G

  • gregor.us

    Yes, the global oil market is so vast (both geo-politically, and in terms of value traded) that it’s a huge benefit to have information specialists who can quickly digest newsflow, and try to set a better price for future delivery.

    And again, show me someone who thinks speculation over-controls markets and I’ll show you someone who has never studied the history of markets. The truth of price always emerges. Always.

    G

  • http://www.rossgreenspan.com rossgreenspan

    Do you think there is a case to be made that long-only physical commodity investment vehicles are influencing supply-demand dynamics and causing price distortion? Anecdotal evidence seems to indicate the violent boom/bust wave up-wave down pattern of price discovery is here to stay. I know that is a function of scarcity but is it being exacerbated by the “unnatural” participants in physical markets?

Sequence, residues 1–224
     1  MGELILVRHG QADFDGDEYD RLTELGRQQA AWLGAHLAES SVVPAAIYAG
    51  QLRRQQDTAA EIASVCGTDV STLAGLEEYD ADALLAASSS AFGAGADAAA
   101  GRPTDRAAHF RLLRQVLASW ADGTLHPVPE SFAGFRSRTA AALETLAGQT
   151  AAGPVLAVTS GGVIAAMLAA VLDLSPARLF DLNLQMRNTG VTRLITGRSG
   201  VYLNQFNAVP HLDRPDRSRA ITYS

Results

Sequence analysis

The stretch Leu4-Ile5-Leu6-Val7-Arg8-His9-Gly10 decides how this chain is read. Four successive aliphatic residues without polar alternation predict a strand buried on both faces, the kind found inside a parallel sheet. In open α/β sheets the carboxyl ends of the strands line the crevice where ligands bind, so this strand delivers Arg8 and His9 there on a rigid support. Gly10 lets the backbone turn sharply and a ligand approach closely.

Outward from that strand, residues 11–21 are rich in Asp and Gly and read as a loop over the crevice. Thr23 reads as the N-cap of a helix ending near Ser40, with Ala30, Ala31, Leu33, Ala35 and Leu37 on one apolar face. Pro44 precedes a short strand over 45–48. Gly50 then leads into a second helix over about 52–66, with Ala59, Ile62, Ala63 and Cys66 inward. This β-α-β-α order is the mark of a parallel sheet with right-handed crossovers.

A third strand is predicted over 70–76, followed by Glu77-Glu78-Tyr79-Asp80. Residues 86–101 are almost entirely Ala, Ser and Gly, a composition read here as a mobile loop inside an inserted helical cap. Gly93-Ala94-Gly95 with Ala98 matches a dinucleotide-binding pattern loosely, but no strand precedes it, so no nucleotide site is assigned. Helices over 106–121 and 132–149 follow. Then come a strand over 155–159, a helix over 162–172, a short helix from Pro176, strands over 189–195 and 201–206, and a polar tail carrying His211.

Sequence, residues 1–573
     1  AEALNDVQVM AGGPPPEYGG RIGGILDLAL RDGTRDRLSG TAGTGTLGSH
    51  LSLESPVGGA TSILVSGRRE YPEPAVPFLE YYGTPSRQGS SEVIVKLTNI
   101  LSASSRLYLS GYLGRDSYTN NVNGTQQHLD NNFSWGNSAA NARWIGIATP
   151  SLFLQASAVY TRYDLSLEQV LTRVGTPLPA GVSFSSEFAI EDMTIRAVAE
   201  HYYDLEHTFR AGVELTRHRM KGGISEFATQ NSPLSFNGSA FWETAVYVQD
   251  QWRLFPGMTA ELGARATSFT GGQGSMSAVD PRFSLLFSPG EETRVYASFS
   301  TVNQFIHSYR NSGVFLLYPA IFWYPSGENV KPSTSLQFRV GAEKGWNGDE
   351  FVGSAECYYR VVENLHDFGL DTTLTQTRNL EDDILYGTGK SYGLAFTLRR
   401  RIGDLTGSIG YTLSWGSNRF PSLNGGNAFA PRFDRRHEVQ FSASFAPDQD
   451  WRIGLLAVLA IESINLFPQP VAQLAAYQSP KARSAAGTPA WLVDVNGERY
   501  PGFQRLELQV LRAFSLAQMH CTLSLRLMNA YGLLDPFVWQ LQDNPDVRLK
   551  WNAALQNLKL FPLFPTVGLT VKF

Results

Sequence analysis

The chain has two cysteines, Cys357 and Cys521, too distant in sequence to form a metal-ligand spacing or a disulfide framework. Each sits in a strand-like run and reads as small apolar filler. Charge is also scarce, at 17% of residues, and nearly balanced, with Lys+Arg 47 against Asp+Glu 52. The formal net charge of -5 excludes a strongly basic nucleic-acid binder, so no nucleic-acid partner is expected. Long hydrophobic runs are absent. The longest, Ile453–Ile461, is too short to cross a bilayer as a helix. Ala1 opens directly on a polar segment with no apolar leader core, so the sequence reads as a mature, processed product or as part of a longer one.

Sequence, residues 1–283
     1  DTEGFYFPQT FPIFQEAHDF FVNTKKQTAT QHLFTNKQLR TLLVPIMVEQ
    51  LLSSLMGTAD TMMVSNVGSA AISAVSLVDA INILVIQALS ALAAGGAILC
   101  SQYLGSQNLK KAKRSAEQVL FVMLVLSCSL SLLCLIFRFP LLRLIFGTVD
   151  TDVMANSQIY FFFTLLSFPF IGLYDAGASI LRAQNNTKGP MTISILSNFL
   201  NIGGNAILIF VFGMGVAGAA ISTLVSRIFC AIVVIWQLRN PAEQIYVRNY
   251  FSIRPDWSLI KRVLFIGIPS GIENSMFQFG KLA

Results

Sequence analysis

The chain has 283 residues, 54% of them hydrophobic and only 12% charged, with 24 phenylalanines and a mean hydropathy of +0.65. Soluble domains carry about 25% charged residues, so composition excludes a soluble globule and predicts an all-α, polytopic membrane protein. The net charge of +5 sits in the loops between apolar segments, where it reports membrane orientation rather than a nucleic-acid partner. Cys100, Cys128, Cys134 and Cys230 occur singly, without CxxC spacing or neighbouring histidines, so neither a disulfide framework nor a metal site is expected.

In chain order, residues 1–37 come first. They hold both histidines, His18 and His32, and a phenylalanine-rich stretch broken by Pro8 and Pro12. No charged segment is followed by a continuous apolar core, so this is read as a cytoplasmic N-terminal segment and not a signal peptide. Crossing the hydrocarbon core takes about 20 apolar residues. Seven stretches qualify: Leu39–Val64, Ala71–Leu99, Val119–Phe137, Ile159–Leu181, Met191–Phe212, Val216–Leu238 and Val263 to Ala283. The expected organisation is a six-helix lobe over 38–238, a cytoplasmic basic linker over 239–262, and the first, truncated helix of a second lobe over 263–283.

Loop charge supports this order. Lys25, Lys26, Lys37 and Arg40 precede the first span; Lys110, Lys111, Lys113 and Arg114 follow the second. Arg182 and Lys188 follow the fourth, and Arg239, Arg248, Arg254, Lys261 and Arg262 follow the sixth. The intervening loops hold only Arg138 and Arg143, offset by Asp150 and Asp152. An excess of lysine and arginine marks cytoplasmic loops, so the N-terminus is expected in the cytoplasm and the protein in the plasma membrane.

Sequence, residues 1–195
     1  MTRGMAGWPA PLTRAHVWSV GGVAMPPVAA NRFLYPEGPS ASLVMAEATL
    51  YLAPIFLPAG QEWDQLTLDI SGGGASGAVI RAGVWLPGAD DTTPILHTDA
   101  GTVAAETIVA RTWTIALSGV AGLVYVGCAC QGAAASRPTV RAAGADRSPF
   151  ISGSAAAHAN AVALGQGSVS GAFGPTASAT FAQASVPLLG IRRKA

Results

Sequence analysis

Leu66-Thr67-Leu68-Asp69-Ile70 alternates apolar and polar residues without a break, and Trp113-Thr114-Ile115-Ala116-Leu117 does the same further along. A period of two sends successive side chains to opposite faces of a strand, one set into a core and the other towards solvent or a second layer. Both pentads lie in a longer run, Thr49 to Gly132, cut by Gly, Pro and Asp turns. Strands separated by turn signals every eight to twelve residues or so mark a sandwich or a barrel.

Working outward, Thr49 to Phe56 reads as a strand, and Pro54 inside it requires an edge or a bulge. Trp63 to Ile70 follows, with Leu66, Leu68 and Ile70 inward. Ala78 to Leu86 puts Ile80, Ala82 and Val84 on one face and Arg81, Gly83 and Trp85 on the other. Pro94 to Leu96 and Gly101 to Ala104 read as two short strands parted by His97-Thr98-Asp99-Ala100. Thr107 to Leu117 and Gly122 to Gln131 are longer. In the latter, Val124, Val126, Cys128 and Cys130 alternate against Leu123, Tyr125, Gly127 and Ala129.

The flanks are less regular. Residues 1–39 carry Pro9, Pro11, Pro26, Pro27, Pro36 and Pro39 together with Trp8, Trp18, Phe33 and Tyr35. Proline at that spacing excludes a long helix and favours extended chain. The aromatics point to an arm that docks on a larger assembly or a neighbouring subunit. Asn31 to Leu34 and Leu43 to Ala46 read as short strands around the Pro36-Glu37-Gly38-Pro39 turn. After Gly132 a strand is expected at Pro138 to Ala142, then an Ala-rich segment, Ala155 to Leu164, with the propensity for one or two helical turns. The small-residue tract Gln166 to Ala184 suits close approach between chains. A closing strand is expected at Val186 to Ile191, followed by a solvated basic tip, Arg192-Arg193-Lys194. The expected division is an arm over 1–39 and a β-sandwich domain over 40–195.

• gregor.us

    Long only demand from investment vehicles only “distorts” price to the extent that this capital has correctly deduced the mega-trend: the decline of easily extractable natural resources. The influence of this capital pales to the 1. scarcity rent already being charged by owners of natural resources, 2. premiums that state and sovereign wealth funds are willing to pay for resources extractors to secure natural resources for their home countries, 3. the structural influence of rising extraction costs.

    When compared against these three trends, investment funds in the West are followers–not makers–of the price trend.

    G

  • Anonymous

    “Watching the President serve up the tired narrative that speculators have driven the price of oil should dissuade optimists from thinking the US public is ready to face up to reality.”

    I’d venture to say that it has less to do with the US public’s abiltiy to face reality than it does with politicians lacking the gumption to tell them the truth (about anything) and the complicity of the media.

  • gregor.us

    Yes, that too.